Enron: What Should Cheney Do?

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U.S. Vice President Dick Cheney

Vice President Dick Cheney is the latest victim of the widening Enron sinkhole; his defiant refusal to reveal the names of people he met with while planning the administration's energy policy has the General Accounting Office in a litigious mood. Wednesday GAO Comptroller David Walker announced his office was suing the White House for access to energy task force documents.

Cheney wasn't budging before the suit was announced and he's not budging now. "The fact is, Enron didn't get any special deals," Cheney told ABC's "This Week." "Enron has been treated appropriately by this administration."

The GAO begs to differ, demanding details about the Vice President's meetings with Enron brass. The big question: Did Cheney respond to Enron requests for help by changing U.S. energy policy? And if so, was there anything wrong with that? If Cheney has his way, we may never know — White House officials are talking executive privilege and the Vice President isn't talking at all. Is this a case the White House can win? Or is the Bush administration going to get a very public, very damaging slap on the wrist?

The legal landscape

There's a precedent for Presidents and their staff refusing to provide information about what goes on behind closed doors in the White House — and for Supreme Court overruling them: The Nixon tapes and Watergate. Reviewing Nixon's refusal to turn over tapes of private conversations, the Court, in its only decision on executive privilege, ruled that while the President must maintain a certain degree of privilege, the specifics and criminal nature of the Watergate case rendered that privilege secondary to the public's right to know. On the other hand, while Enron is under criminal investigation, Cheney himself is not — a key distinction between this standoff and the Watergate scenario, in which members of the executive branch were directly linked to criminal charges.

Unfortunately, the Watergate precedent may not hold up. "Legal scholars generally agree the Nixon case wasn't very well reasoned, and actually provided very little guidance for future cases," says Northwestern School of Law professor Bob Bennett. Generally, a certain allowance of privilege is given to situations that appear to concern issues of national security or deliberative privacy. Is this one of those cases?

Philip Melanson, professor of law at the University of Massachusetts at Dartmouth, doesn't think this has anything to do with national security, and believes that fact could be hurting the White House's case. "While it's true that deliberations in the White House certainly have some valid claim to executive privilege, allowing the White House to be this secretive about public policy that has nothing to do with national security seems to be pushing the envelope of executive privilege."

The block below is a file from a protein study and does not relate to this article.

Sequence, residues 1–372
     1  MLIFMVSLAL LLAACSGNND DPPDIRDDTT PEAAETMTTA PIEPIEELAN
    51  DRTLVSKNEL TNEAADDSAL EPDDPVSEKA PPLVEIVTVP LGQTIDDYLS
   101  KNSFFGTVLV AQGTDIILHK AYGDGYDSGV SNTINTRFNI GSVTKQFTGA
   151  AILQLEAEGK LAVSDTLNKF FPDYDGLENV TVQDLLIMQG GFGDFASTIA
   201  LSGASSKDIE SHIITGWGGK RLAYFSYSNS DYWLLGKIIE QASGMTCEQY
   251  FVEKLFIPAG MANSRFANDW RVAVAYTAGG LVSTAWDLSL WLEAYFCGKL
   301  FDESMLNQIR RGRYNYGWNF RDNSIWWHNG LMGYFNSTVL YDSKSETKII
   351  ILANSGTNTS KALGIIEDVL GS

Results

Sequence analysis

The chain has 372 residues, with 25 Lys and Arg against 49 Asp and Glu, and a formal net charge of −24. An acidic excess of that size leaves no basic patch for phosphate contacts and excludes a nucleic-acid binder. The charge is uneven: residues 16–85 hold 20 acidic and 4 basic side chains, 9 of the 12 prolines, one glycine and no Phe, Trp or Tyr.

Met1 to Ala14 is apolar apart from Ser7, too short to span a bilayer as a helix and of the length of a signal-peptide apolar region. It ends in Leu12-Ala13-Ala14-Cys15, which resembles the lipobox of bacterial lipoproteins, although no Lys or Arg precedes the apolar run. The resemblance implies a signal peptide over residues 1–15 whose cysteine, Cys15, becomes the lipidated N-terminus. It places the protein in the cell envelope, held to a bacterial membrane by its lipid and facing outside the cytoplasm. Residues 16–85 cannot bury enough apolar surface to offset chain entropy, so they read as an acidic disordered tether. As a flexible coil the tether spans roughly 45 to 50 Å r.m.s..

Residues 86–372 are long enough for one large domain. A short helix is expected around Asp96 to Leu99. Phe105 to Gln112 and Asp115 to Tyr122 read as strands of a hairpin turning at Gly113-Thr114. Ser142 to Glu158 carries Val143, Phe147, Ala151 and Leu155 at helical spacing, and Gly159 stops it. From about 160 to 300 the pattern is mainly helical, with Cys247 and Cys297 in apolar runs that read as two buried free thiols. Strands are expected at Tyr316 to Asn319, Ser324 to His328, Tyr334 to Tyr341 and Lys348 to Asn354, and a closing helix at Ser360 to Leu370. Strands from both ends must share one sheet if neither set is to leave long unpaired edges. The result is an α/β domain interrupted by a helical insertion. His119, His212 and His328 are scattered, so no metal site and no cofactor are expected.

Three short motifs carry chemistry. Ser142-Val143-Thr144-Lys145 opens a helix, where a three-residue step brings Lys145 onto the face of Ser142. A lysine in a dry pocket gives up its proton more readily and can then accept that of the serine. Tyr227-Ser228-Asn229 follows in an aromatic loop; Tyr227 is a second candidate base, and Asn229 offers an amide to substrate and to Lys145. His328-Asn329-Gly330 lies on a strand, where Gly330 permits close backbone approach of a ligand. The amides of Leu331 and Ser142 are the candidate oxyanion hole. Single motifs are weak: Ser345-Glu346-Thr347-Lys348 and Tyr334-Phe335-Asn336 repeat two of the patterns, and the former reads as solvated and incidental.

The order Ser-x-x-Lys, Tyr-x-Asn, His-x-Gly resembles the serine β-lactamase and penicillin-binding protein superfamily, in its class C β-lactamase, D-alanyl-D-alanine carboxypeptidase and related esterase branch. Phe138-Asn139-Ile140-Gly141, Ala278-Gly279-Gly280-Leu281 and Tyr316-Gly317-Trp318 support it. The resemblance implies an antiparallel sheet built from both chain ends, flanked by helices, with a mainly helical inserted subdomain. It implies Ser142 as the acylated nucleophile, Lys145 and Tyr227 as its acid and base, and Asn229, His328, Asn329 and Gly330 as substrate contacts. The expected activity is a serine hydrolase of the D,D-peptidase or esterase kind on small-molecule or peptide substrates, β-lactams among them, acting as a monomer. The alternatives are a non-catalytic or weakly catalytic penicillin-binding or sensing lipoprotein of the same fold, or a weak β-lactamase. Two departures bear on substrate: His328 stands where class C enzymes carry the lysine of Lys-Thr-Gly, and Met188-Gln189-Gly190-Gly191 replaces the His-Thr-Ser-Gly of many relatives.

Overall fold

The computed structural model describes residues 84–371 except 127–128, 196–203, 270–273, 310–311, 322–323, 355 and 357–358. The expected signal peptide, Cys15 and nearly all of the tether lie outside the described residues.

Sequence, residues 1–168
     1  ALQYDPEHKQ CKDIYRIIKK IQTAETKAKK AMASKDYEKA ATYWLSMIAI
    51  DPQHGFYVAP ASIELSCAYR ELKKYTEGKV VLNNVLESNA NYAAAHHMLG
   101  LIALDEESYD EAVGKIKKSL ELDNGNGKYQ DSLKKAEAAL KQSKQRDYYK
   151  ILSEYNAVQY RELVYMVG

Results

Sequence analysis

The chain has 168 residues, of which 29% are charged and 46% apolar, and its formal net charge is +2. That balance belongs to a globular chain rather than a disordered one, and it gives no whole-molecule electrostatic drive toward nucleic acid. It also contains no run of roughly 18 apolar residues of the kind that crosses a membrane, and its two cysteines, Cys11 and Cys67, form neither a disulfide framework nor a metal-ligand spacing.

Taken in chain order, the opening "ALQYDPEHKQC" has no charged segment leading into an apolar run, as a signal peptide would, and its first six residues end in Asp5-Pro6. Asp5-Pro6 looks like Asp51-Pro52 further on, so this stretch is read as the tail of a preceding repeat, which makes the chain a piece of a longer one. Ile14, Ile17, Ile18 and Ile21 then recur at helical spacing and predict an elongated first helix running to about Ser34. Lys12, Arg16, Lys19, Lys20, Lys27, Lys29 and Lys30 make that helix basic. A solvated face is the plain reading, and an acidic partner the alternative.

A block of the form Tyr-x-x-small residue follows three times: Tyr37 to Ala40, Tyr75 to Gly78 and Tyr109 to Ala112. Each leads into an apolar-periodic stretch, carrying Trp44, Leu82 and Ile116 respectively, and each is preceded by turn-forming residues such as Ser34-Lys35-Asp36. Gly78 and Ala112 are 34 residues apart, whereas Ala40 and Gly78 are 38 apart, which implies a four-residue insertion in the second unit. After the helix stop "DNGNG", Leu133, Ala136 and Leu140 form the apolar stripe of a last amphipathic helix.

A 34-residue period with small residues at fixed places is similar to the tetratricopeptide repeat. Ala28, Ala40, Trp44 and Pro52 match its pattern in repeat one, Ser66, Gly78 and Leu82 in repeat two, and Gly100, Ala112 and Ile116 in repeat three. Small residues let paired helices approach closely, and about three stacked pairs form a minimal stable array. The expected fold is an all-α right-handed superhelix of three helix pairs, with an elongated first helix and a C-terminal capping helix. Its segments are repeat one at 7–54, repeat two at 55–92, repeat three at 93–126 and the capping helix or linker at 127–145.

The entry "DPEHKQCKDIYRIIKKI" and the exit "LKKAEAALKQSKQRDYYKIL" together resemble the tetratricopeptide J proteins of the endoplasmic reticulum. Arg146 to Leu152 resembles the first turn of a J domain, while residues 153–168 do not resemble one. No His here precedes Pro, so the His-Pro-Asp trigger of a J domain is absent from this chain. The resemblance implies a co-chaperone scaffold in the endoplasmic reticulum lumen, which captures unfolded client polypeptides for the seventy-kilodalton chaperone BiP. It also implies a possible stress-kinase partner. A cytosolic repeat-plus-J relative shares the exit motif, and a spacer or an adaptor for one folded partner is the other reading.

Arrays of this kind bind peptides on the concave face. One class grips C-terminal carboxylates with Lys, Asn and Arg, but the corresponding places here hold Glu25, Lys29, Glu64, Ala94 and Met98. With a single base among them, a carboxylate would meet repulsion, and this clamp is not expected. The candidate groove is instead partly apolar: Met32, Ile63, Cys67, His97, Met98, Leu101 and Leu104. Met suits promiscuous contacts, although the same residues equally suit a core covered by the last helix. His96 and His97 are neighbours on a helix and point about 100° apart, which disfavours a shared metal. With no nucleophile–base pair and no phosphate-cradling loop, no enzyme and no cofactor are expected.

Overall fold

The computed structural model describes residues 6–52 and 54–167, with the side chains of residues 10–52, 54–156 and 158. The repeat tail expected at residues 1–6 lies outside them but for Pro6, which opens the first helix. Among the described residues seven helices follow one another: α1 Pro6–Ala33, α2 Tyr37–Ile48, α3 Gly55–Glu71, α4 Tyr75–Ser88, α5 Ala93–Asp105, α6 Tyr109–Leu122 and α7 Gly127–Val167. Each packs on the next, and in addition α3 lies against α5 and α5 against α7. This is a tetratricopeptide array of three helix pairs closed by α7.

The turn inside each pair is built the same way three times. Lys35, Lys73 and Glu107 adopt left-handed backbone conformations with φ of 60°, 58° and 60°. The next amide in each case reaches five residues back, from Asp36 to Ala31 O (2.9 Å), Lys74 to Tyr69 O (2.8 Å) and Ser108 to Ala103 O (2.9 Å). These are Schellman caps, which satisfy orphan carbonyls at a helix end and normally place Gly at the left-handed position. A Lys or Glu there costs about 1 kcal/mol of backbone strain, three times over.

Then there's the deliberative aspect of executive privilege, generally considered to be less politically resonant than the national security claim — but important nonetheless, says John McGinnis, a visiting professor at Northwestern and a former Justice Department official who has served as an advisor on issues of executive privilege. "I certainly think Cheney is able to point to a long history of executive branch precedent, in which the President claims privilege in deliberations," McGinnis says. "Cheney can argue that high-ranking members of the executive branch must be able to have candid conversations without fearing disclosure."

The political aftershocks

Then there's the political calculus of the midterm elections. Voters will probably be willing to cut Cheney and the administration some slack if there is a clear-cut reason for secrecy. Otherwise, Cheney and the GOP could take a pounding in the press. "Everyone is very sympathetic to issues of national security," says Melanson, "especially in times like these. But when it comes to issues of domestic policy that affect a controversial matter, I think the public right to know and even the doctrine of executive privilege suggests some information should be forthcoming."

Some argue there's nothing wrong with the Cheney-Enron interactions, even if the worst-case scenario bears out. This argument is, essentially, so what if Enron lobbied Cheney to change the wording in the administration's energy policy in a way that helps Enron? That's what lobbyists are for, right? "That's what politics are all about," says Steve Milner, managing partner for Squar Milner, a CPA and financial advisory firm in Newport Beach. "The problem is when there's a quid pro quo: I give you money in direct exchange for what I want." Proving that, of course, becomes very problematic, especially since Enron gave to very nearly everyone on the Hill over the past decade.

But even if it's legal, is it good PR? Is Cheney making a major public relations mistake by withholding any information? Spilling the beans, says Melanson, is almost always the best option in cases like this. "History shows that the public does not abide secrecy when there's a domestic scandal going on — even if there was no wrongdoing," he says. And, he adds, there is still time for the Bush administration to reverse course. "What the White House should have done, and still can do, is say, okay, we still believe our claim of executive privilege, but things have changed in this case, and so now we're willing to make this information available." This is the "we're bigger people than you are" tactic of backtracking gracefully.

Bennett believes that's the road Cheney will take — even if it takes him a while to start moving. "Eventually Cheney will give in to a certain degree, because I think he'll comes to understand that he's playing with political fire. He doesn't look good, regardless of how principled he hopes this makes him appear."